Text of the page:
Seafood is one of our last wild food sources. Thanks to population growth and overfishing, however, there aren’t as many fish in the sea as there used to be. So, to keep up with global demand for fish and other types of seafood, we raise fish in massive underwater farms, just like we do with cattle on land. Now, around half of the world’s seafood comes from farms rather than from the wild.

The problem is, just like factory-sized operations that raise meat and poultry, these fish farms are crowded, dirty and create unique challenges — like finding something to feed fish that usually spend their lives foraging in the open ocean. These fish have typically been fattened on a diet consisting of fishmeal and oil made from smaller, wild fish, but now the soy industry has found a way to get it’s genetically modified fingers into our seafood as well.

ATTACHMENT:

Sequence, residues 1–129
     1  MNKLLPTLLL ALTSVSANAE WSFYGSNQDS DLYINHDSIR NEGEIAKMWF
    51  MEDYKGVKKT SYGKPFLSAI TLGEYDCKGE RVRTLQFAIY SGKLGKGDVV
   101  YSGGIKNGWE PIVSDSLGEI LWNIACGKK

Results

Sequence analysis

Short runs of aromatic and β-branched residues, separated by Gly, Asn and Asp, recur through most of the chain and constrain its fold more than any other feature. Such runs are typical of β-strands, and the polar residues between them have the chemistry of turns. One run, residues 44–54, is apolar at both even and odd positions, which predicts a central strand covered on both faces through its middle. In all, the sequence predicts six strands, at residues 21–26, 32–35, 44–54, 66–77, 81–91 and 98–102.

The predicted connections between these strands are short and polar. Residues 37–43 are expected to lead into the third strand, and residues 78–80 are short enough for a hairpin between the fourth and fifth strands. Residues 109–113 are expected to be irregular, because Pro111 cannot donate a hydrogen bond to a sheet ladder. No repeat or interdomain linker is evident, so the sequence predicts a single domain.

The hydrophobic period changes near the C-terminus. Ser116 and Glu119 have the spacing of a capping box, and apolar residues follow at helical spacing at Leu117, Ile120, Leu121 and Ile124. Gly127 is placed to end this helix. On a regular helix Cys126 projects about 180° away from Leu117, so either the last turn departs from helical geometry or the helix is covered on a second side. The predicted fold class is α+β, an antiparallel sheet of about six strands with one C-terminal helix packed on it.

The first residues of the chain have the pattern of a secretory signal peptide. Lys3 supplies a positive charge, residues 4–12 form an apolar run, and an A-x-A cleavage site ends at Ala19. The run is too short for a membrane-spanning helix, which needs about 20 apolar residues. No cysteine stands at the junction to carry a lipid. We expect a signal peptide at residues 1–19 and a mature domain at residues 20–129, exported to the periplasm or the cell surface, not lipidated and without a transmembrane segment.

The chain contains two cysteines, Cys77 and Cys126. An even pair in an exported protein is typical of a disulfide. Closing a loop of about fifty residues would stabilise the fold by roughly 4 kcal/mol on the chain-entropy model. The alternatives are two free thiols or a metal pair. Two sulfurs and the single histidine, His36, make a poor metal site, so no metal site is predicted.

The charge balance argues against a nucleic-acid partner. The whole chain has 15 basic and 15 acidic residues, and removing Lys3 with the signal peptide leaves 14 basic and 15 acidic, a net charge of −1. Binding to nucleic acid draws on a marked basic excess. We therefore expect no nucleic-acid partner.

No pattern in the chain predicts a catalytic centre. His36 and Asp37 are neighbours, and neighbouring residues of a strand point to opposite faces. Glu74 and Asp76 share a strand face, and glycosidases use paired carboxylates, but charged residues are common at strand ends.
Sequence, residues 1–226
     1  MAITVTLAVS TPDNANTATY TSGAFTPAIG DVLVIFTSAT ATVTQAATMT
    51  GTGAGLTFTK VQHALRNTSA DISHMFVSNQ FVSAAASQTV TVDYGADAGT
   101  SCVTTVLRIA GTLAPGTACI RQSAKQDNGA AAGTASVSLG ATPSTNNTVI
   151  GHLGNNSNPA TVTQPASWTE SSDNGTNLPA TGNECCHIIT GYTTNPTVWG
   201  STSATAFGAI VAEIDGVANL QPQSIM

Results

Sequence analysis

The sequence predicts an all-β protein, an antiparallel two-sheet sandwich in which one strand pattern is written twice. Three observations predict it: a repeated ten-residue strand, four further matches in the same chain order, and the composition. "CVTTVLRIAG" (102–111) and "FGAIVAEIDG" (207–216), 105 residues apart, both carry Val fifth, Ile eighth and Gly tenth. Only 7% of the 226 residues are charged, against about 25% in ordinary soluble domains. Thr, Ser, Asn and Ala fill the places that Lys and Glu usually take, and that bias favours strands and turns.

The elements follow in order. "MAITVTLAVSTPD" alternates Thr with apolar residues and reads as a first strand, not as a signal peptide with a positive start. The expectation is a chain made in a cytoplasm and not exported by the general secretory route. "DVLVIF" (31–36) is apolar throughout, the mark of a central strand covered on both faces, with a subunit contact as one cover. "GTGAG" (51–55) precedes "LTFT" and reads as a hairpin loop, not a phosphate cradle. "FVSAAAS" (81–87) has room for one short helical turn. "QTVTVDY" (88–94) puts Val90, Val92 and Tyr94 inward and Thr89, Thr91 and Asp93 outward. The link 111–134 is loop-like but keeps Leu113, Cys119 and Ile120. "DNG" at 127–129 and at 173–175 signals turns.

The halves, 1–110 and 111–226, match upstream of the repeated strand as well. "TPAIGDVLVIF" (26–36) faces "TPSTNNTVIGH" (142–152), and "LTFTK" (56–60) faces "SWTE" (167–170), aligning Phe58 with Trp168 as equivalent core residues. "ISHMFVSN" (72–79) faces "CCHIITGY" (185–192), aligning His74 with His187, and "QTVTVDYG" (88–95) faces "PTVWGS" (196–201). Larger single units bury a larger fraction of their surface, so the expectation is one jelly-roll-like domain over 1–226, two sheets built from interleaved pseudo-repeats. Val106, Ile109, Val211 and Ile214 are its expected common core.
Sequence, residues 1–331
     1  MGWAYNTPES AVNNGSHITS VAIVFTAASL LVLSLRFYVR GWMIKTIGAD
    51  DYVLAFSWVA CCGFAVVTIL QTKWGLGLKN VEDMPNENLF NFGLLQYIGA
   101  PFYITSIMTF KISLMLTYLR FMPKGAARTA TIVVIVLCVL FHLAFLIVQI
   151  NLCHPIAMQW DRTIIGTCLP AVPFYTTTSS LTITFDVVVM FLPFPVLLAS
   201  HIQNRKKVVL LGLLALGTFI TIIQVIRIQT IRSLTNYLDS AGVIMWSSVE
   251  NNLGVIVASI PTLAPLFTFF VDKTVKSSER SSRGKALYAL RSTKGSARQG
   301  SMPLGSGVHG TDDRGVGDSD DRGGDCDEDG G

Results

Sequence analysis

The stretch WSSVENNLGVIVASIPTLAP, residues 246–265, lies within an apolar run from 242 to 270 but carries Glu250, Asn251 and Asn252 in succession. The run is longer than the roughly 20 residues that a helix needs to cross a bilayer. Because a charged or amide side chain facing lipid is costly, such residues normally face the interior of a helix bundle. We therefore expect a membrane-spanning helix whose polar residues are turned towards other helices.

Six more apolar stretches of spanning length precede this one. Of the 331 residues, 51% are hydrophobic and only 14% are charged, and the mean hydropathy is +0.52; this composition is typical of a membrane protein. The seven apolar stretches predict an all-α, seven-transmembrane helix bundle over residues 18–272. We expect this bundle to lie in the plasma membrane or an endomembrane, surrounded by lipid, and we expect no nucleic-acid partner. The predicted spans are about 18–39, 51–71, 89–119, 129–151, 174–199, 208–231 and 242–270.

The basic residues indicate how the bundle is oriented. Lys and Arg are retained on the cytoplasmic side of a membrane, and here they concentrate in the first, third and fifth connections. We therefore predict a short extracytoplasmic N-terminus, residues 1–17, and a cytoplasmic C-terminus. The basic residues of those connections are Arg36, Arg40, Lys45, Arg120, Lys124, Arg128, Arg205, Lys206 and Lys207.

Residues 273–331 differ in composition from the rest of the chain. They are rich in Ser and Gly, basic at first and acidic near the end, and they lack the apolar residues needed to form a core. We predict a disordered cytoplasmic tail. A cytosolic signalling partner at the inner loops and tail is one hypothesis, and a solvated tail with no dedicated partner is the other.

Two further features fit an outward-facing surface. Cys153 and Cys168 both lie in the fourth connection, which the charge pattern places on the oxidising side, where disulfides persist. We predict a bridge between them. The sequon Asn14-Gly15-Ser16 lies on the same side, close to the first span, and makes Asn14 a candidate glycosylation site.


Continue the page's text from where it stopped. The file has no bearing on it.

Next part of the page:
In September 2011, a press release was issued announcing a new marine fish farm project that would “revolutionize sustainable agriculture.” The source of the release? The Illinois Soybean Association. In new report published by Food & Water Watch, the quiet relationship that Big Soy has been developing with the seafood industry is exposed.

The report, called “Factory-Fed Fish” [PDF], reveals that, while the soy industry stands to make large profits from the expan­sion of factory fish farming, there is no guarantee that soy-based aquaculture feed can consistently produce healthy fish or promote ecological respon­sibility. In fact, by causing fish to produce excess waste, soy could lead to an even more polluting fish farming industry.

The report claims that by supporting factory fish farming, the soy industry could not only help to expand an industry that degrades marine environments, threatens wild fish populations and damages coastal communities, it could also extend its own negative impacts.

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